Heavy overcast bordering on fog today with light rain showers, and completely flat calm. Gray skies merged seamlessly with the gray water; a monochrome day.
New to the mob scene today was a RED-NECKED GREBE that cautiously dove at the very edge of the melee. BLACK-LEGGED KITTIWAKES plunged recklessly into the boiling mass of herring, submerging then emerging triumphantly with 2 or 3 herring at a time. Dozens of COMMON MURRES, many more KITTIWAKES, and a handful of PELAGIC CORMORANTS floated all around, seemingly suspended in the grayness.
Through the din of screaming gulls, I heard a different sound, persistent and almost sweet. I sorted through the birds, discounting each until I zeroed in on a miniature COMMON MURRE in typical adult winter plumage. Up popped an adult COMMON MURRE still in breeding plumage, with a herring in its beak.
This is the famous Murre dad who dutifully attends the chick after it leaves mom and leaps off the cliff nest. I have never observed this behavior, and so far from the seabird colony. It is unusual, like all the herring and whales so close to Seward.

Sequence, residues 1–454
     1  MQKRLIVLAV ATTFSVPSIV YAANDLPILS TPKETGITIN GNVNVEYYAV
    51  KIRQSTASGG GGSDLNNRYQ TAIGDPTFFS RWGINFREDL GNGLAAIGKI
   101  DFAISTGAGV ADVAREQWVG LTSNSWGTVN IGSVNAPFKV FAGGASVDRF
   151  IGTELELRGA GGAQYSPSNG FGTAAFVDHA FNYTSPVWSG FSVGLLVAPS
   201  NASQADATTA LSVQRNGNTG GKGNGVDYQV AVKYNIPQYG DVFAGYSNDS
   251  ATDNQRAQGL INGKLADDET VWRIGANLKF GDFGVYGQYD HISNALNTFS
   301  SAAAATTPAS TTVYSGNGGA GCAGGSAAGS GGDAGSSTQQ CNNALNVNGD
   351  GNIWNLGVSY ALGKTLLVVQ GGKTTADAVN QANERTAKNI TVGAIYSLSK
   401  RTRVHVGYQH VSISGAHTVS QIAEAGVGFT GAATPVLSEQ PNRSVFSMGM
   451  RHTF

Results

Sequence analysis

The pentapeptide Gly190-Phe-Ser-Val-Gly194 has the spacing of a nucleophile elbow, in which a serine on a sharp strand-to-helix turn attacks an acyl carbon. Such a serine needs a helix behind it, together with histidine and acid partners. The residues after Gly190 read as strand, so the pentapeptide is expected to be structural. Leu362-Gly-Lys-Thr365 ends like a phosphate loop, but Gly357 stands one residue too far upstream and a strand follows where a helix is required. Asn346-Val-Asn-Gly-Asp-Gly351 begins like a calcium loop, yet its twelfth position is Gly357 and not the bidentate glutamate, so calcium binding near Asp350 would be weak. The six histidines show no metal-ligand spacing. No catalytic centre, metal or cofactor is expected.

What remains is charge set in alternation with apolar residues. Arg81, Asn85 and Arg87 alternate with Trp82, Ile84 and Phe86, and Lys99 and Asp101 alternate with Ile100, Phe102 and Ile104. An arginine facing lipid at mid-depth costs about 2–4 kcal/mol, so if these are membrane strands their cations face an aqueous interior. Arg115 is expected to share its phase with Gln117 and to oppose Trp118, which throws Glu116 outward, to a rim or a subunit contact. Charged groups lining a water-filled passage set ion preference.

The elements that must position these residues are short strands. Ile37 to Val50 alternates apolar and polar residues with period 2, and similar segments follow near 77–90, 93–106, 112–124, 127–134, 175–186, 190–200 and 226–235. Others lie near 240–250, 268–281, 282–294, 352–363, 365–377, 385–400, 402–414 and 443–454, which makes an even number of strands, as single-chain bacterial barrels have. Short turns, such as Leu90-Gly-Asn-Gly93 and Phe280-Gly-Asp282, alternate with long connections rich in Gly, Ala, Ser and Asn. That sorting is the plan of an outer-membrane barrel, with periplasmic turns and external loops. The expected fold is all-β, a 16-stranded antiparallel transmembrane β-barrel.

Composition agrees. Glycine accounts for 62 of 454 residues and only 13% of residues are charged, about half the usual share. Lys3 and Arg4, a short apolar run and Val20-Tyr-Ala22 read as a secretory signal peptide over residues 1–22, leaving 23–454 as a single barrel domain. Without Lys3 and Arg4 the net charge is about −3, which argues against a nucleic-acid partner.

The dad held the herring for a bit, maybe to subdue it, then handed it over the waiting, begging chick and watched while the chick worked it around and got it down. Then he dove again for more while the chick waited and begged. It was all very charming to watch and hear. That murre chick is so cute! At one point, it dove, but I was unable to see if it successfully caught anything.
All this activity suddenly ceased as a powerful Humpback Whale cruised through the middle, swallowing the entire herring ball in one big gulp. All the birds scattered, nervous about being an entrée for the whale’s lunch.
May they all find more herring!
Seward Sporadic Bird Report Reporter